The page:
August 27, 2007 - 5:05pm
Baker's percentage questions
I have a vague recollection of reading (somewhere) that for baker's precentage purposes, sugar is considered a liquid. Is that true?
If I have a formula that calls for 1% oil, and I want to add eggs do they count as an oil? I'm sure either is counted as a liquid but
what about honey - liquid or solid?
I never heard of sugar being considered a liquid for bakers pct. I would consider it a solid.
Before modifying the recipe I would make it at least once so you have a feel for the dough, the process and the final product.
Re substituting/adding eggs...I keep them in their own category, but, since the yolk contains fat, if you're also using oil, you could reduce the % of oil a tiny bit. Maybe also reduce the % water (or other liquid) a tiny bit also to compensate for the eggs. Eggs are really in a class by themselves. You can tweak the bakers percents to adjust the recipe but basically, I'd be prepared to add more flour (or water) if the dough doesn't feel the way it did in the original formula (which is why I think its important to make it as written so you have a basis for comparison).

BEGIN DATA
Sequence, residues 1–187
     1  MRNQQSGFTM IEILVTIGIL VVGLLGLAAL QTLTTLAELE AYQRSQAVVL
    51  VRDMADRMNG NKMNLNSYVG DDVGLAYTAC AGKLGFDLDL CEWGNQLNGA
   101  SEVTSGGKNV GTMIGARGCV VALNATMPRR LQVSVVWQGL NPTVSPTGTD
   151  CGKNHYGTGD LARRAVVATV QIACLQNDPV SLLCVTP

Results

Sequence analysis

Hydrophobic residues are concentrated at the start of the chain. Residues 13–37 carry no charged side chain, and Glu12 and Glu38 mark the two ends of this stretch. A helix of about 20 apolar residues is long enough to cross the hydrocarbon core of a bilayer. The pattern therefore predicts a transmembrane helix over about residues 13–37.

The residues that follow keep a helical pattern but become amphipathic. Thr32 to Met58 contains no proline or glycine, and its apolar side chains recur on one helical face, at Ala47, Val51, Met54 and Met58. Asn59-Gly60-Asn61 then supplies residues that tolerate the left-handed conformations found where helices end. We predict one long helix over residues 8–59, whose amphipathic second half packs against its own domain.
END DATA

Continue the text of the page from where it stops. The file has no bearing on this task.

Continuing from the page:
Re substituting honey...I often replace sugar with honey in bread recipes. I consider honey a liquid, and reduce the % water somewhat but not on a 1:1 replacement (by weight). However, I don't do this in a sweet dough bread, since, if the recipe calls for a lot of sweetener, and you want to use honey, its better finding a recipe formulated for honey from a reputable source than going ahead with subbing honey for sugar if sugar is a significant % of the overall formula.